What is Domain, What Does It Do?
Domain is the name of your website. The main purpose of a domain is to help visitors find your website as briefly as possible. In other words, a website with a quality domain name is the showcase of your business in the market. People get an idea about your website by looking at the domain extension and its content. Domains are controlled by an organization called ICANN. ICANN indicates that domain extensions are available and maintains a central database of domain names pointing to. Every website you actively visit consists of two main elements: Domain and web hosting.
1. Web Hosting is a physical machine that hosts the files and databases from which your website is created and sends your site to people on the internet when they visit it from their machine.
2. Domain is the name that users type to access your site and redirects the web browser to the server that stores these resources. Without a domain, people need to remember the specific IP address of your server.
How Do Domain Extensions Work?
Domains work by acting as a shortcut to the server that hosts your website. Without a domain, anyone who wants to visit your website has to enter their full IP address. But the problem is that an IP address is hard for people to memorize or add to advertising materials. Dealing with server settings and IP addresses can be both confusing and time-consuming. For this reason, the vast majority of website owners generally prefer to rent annual web hosting packages. Internet users can also use redirects that let you specify that if they visit your domain, they will be automatically redirected to another site. This can be useful for campaigns and micro-sites, or to direct users to custom landing pages on your main site. Different Domain ExtensionsAll domains do not carry the same extension. .com domains account for 46.5% of all global websites, while other domains such as .org and .net are overused. In general, the most common domain types include:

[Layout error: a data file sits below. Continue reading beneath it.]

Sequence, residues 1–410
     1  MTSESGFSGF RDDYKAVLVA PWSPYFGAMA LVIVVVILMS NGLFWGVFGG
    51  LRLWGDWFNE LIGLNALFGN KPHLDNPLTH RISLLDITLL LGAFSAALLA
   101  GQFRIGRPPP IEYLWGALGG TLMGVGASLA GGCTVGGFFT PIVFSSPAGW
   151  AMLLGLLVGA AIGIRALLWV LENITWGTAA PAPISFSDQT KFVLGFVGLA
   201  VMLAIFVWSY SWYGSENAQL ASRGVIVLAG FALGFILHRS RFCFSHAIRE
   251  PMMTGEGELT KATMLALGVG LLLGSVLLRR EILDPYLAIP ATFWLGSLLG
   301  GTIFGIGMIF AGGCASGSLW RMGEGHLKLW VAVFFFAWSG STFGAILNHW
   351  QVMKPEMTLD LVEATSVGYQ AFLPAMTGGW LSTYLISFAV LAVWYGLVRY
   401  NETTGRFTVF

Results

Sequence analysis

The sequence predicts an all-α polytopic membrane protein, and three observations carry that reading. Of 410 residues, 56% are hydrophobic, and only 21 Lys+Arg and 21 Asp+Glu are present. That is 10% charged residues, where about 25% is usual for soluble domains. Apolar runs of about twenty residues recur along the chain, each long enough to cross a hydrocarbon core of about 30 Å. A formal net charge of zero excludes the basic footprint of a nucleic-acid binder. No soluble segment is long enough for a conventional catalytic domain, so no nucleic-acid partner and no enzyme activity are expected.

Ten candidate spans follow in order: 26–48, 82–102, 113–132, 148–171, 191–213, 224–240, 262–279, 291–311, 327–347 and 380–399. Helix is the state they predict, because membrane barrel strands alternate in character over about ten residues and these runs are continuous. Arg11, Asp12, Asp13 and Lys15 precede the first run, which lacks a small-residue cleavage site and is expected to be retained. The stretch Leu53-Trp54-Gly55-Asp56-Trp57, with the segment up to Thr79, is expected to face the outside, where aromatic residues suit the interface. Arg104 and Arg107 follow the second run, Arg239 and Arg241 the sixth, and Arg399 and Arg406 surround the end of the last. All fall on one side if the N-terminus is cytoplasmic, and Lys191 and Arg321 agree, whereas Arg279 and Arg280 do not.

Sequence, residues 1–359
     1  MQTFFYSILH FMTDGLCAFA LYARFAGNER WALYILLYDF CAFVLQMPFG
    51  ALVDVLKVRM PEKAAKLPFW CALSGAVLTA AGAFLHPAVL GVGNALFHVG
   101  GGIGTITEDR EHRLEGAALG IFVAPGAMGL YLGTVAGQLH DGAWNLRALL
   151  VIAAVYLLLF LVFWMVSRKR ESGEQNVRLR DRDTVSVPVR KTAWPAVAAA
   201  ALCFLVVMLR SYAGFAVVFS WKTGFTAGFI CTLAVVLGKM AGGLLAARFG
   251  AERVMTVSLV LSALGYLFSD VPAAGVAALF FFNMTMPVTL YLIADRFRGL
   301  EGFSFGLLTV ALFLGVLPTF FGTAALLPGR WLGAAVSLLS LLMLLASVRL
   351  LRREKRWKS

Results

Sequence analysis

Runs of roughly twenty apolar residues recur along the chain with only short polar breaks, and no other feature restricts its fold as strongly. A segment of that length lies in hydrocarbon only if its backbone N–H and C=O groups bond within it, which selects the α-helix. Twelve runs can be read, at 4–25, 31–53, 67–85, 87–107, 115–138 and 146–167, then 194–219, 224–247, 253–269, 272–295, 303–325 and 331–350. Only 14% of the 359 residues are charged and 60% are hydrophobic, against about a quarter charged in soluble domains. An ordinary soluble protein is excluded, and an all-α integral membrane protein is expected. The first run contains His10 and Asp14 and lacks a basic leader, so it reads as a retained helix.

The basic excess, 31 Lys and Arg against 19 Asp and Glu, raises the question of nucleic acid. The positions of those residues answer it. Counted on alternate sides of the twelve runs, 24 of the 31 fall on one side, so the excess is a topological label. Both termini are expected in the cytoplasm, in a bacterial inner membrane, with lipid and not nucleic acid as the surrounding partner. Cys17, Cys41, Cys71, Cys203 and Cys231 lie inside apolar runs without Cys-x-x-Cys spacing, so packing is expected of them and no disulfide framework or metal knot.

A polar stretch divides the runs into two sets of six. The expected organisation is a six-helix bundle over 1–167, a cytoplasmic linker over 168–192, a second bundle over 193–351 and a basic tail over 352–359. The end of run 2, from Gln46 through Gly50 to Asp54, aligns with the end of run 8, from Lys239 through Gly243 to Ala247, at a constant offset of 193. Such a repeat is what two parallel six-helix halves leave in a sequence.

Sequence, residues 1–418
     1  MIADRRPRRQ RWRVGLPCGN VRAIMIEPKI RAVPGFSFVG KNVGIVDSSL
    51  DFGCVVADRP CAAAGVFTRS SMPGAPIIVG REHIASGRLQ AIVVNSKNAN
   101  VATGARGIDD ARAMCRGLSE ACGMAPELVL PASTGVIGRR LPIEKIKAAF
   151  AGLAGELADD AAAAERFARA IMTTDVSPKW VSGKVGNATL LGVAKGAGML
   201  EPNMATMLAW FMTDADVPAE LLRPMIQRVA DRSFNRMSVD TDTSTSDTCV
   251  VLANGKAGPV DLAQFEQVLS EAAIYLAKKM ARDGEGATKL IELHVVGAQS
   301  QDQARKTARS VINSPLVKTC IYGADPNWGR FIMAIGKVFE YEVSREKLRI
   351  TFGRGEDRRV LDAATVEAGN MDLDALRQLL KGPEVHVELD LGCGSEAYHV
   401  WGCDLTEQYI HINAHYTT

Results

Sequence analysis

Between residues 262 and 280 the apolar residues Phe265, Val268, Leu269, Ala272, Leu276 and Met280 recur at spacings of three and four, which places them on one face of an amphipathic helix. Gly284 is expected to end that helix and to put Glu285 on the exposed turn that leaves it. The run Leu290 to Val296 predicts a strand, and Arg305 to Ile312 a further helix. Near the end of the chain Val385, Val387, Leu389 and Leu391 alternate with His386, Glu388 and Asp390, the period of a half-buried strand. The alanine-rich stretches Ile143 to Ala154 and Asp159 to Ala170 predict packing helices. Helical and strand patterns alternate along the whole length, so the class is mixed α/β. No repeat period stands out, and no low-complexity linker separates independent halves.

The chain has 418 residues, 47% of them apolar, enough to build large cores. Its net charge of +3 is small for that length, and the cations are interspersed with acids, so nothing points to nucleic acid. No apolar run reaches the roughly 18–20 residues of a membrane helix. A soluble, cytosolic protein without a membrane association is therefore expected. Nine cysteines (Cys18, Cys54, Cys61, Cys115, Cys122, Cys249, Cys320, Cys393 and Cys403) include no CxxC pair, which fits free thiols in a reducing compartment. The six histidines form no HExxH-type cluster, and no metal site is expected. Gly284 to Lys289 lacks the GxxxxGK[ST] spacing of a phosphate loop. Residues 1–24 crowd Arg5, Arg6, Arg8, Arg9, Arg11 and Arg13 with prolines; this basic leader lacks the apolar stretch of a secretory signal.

TLD: Top Level Domain
Top Level Domain Names are the most registered domain name type in the internet domain name system. There are more than two thousand TLDs but the most common ones are .com, .org, .net, and .info. The official list of TLDs is regulated by an organization called the "Internet Corporation for Assigned Numbers" (IANA).
ccTLD: Country Code Top-Level Domain Extensions
ccTLDs use only two letters and use international country codes, such as .us for the United States and .jp for Japan. It is often used by companies that create custom sites for specific regions. Apart from Turkey and America, many countries publish their sites with their country coded domain extension.
gTLD: Public top-level domains
A gTLD is basically a top-level domain that is not bound to a country code. However, you don't need to meet any specific criteria to register a gTLD, so a .com domain may not be used for commercial purposes. Other examples of gTLDs include .org (for nonprofits and organizations) and .net.
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